The hand of time guides this Hamilton, Ont., home in more ways than one. From the different periods present in the decor to the prolonged approach to pulling the whole look together, this house is a testament to the fact that time isn’t always of the essence.
The architecture is Victorian, the art is mostly modern and the furnishings span four centuries: In this late-19th-century Hamilton, Ont., home, it all adds up to timeless style, a trademark of designer and stylist Susan Burns, whose common sense approach to decorating her home resulted in an interior that’s far from common.
Susan’s sage design philosophy — work with the space and go at your own pace — makes decorating sound doable. «You don’t have to do everything at once,» she says. «Live with it for a while, because then you really know what you want.»
When she moved here in 2010, Susan did just that. In the bathroom, for instance, the previous owners had installed upholstered wall panels — the fabric wouldn’t have been her first choice, but it was pretty, and the panels kept out drafts, so Susan kept them.
As for working with the space, that was initially challenging. «I’m always lecturing my clients about editing, yet I was fighting it,» says Susan, who was frustrated with trying to fit all her prized possessions, including big French Country antiques, into the narrow, vertical rooms of the 1,600-square-foot Victorian.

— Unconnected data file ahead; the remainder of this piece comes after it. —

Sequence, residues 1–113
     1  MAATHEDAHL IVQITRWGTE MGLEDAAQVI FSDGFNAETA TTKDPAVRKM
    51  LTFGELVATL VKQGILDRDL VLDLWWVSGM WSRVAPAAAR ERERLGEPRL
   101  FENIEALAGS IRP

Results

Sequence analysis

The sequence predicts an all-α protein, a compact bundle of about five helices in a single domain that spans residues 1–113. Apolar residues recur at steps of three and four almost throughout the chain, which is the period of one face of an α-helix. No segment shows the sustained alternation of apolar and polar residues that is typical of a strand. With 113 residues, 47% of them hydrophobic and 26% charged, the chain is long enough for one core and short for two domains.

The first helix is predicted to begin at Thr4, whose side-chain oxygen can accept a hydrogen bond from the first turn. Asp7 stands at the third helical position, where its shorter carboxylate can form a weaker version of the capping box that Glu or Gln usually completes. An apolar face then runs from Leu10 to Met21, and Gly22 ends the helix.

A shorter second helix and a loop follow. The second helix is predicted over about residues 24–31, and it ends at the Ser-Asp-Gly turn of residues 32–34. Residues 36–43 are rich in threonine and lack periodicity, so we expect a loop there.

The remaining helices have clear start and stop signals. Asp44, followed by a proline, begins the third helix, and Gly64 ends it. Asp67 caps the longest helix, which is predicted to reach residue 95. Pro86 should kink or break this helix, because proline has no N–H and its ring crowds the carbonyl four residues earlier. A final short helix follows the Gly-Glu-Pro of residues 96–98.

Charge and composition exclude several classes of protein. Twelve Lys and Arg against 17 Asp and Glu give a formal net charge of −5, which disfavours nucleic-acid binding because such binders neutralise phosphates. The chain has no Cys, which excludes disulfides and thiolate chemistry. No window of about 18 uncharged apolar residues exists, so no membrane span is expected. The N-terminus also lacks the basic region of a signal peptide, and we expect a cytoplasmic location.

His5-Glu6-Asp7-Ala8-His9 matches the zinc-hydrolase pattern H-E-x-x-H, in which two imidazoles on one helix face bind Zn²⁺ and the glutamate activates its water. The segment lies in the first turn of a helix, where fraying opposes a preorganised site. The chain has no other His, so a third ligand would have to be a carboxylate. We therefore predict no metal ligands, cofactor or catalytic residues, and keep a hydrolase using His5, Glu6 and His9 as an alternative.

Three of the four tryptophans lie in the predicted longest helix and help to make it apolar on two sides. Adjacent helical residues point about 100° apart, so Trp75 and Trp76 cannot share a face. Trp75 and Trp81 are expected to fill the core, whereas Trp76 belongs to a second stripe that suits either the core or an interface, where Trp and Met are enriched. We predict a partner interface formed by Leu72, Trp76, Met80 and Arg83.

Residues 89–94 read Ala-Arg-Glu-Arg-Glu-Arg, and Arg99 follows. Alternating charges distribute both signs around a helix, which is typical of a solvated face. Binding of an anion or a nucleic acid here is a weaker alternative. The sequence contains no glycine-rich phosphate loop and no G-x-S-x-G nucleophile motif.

In the end, she had to let some pieces go but was able to fit the rest, thanks to her skilful layering of styles and textures. Susan mixed in fine antiques like the gilt mirror above the fireplace and the library’s gleaming 19th-century French console with rustic touches like the baker’s rack in the dining room, as well as clean-lined 21st-century furnishings and even Mid-Century Modern pieces (the blue chairs in the living room). «I gravitate to certain things and I try to make them work,» she says.
The mix keeps the rooms current, as does Susan’s art collection. «Artwork is an opportunity to put a contemporary thing into a room that would otherwise be very traditional and make the space look modern,» she says.
The home’s restrained neutral backdrop is ideal for the antique oils, evocative nudes, modern canvases and sculptures — the latter is what Susan is collecting now. «I really love the sculptural element,» she says. «It adds the triple impact of height, shape and texture.»
Her passion for texture is what prompted this designer to expose a brick wall in the dining room — one of the few cosmetic changes she made to the home. After living with plain white walls for about a year, she sought something with more interest. «I didn’t change things that I could live with,» says Susan, ever true to her let’s-see-if-we-can-make-it-work philosophy.
But it’s Susan’s intuitive talent for mixing disparate collections and furnishings together in bold, brave ways that makes her home unique — a design that evolved one vignette and one room at a time over three years until the whole became, as they say, more than the sum of its parts.